Not too long ago, Doherty was due to have four of his five starters back for 2001-02 -- with four-year center Brendan Haywood the lone loss. With veterans Kris Lang and Jason Capel returning, an imposing lineup loomed with All-American Joseph Forte and footballers Ron Curry and Julius Peppers ready to round out the quintet.
The fabric began to unravel when sophomore Forte declared for the pro draft, with an undercurrent that he and Doherty hadn't hit it off due to Matt's pushing him to get better each day. Whatever the reason, Forte's using his 20-point scoring average to reap first-round draft riches has caused a huge loss.
Then came word that the 6-7, 275-pound Peppers plans to concentrate on football, where he feels he has a better chance for fame and fortune. Now it appears point guard Curry, a gridiron quarterback of note, will do the same. Peppers and Curry, who drew criticism last season for his erratic guard play, reportedly also were a bit disenchanted with Doherty's guidance and figured one-sport concentration was in their best interests.
That leaves Lang and Capel, neither of which is in Forte's class as a major determinant. Lots of squares to fill and there's no certainty reserves and newcomers can give UNC a lineup close to what it had with Forte, Peppers and Curry on hand.
The Tar Heels, despite an Atlantic Coast co-championship and a 26-7 record, sagged badly down the stretch after once winning 18 games in a row. The deadliest daggers were a 26-point loss to arch-rival Duke in the ACC tourney finals and a second-round NCAA loss to Penn State.
"Eighty percent of the people support the year we had, the ones that matter to me -- my athletic director, the chancellor, coach (Dean) Smith, coach (Bill) Guthridge," says Doherty, readily admitting the year ahead may be a rocky one in a land of high expectations where fans are brutal. Bear in mind, he was voted Associated Press Coach of the Year in his first season at Chapel Hill. He adds:
"Then there are 20 percent of the people out there who are the average fan who question the year we had. You can't let that get to you. Sometimes that one letter out of 100 is a negative letter that can impact you more than the 99 good letters you get. You just try to let it roll off your back." Roy Williams has talked the same way at times.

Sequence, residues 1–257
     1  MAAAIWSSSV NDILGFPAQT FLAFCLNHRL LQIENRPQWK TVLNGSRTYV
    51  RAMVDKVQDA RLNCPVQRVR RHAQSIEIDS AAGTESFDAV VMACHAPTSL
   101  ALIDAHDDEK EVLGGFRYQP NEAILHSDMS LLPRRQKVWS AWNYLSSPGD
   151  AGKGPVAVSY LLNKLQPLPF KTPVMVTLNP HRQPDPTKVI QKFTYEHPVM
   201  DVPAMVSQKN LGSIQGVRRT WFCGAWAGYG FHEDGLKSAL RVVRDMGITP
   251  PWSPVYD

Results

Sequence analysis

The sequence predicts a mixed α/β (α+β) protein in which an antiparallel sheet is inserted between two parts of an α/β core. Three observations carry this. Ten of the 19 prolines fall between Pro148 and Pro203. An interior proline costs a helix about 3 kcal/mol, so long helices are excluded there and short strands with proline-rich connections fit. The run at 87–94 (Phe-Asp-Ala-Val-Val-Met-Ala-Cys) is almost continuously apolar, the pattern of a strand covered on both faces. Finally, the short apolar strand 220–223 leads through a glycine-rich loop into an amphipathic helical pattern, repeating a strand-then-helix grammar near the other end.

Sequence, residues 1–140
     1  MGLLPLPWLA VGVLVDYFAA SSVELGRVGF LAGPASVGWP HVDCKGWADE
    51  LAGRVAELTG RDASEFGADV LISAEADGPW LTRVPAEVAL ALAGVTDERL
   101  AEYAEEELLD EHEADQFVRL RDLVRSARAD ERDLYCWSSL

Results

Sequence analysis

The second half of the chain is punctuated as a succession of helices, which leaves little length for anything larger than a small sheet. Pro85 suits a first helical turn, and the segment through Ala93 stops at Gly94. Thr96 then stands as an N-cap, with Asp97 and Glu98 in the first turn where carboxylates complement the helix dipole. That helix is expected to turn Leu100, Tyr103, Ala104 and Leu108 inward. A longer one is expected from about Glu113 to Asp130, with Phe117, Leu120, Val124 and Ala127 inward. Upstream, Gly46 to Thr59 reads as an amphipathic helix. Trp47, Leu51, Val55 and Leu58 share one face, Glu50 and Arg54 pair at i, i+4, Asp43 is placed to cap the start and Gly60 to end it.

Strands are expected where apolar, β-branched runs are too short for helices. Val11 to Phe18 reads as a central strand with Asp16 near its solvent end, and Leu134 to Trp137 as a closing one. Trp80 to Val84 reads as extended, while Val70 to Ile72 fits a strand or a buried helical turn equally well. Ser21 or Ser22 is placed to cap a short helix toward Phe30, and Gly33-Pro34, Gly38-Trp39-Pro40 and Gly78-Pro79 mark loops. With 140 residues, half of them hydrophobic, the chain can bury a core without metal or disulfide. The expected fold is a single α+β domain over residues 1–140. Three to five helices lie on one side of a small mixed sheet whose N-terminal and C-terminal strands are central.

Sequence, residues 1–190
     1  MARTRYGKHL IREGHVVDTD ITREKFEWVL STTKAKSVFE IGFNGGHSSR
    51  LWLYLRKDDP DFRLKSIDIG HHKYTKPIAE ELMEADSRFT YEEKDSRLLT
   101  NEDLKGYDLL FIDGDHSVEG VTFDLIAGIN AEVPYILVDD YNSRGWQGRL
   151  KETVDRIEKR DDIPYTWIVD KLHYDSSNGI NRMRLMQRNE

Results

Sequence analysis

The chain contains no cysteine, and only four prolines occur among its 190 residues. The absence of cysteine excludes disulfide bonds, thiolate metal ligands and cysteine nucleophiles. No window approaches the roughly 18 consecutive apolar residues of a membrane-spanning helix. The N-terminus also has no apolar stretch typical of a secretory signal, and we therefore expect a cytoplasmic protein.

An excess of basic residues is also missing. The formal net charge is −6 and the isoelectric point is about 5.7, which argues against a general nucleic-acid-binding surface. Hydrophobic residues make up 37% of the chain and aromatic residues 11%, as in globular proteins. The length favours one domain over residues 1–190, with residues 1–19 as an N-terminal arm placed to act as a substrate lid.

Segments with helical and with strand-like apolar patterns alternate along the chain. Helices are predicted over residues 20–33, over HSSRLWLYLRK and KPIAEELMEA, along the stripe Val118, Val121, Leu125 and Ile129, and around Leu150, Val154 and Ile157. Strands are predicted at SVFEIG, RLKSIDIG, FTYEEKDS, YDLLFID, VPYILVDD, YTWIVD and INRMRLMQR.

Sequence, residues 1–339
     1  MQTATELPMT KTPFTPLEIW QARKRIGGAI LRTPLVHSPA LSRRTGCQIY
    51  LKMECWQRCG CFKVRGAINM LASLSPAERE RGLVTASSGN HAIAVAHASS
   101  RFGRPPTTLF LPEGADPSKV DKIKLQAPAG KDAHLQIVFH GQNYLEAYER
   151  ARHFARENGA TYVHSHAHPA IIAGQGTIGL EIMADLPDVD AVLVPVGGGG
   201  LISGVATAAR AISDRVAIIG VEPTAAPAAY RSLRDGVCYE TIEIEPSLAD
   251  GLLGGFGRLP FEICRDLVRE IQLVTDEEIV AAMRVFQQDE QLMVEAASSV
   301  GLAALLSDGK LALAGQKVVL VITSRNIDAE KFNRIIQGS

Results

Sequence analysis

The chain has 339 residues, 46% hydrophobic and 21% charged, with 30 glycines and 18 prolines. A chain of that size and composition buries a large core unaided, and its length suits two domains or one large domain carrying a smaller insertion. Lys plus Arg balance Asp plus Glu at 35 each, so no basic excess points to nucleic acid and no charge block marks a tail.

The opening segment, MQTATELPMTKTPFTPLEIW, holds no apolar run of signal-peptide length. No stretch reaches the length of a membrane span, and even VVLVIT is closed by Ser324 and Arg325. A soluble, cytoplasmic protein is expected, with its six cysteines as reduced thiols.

Forte played in high school for the famed Morgan Wooten, then the low-key Bill Guthridge and had never been hasssled before. Word is, Doherty pushed Joe and he resented it. If Williams had been at UNC instead of at Kansas, he would have ridden Forte, too.
But Roy has a more charming approach to dictatorship than the stern-faced, silver-haired Doherty, on whom you could easily put a tuxedo and cape, then cast him as Count Dracula.
In a tutoring session, Roy for all his intensity might still come off as a bit of a puppy dog while Matt might seem a little scary. But bottom-line, money talks, and chances are first-round bonus booty did far more to send Forte to the pros than a demanding Doherty.
Matt says he also got heat from fans for not having a big sendoff for Forte when he declared for the NBA. "To me, my relationship with Joe was fine," Matt told Sports Illustrated. "We probably should have had a press conference so people could see us up there hugging each other, and loving each other, and saying, 'OK, he is going into the sunset and we're OK.' . . . The wait created so much speculation that the decision took on a life of its own."
Matt also is somewhat less a wordsmith than Williams.
Some felt Doherty's tough practices wore down Forte and the others by tourney-time; Matt says he probably would ease up if he could do it over.
But with Duke poised to feature Jason Williams, Chris Duhon, Carlos Boozer and a lot of other big, talented kids, Doherty and UNC have to be apprehensive about the coming season. Matt's not intimidated.
"At Notre Dame, I didn't have a rival. I was safe at Notre Dame," he says of his first head coach job. "I don't want to be safe. I want to enjoy the excitement and energy you get from being at North Carolina, being in the ACC and going up against coach K's (Mike Krzyzewski) teams."
That's the identical way KU's Williams would approach it had he left and been faced with the same UNC challenges as his seven-year assistant.
Only thing is, Roy will have his Triplets Terrific -- Nick Collison, Kirk Hinrich and Drew Gooden -- as seasoned juniors and has brought in some tremendous rookie prospects.
Williams will get tremendous Big 12 static from the likes of Missouri, Texas and Oklahoma State (OSU has everybody back). But Roy doesn't have Duke, Coach K and those white-fanged Tar Heel fans just waiting for him to flop the way some seem poised to do in regard to Doherty.
Roy's decision for stayin' here is looking better all the time.
-- Bill Mayer can be reached at 832-7185 on Tuesday and Wednesday afternoons.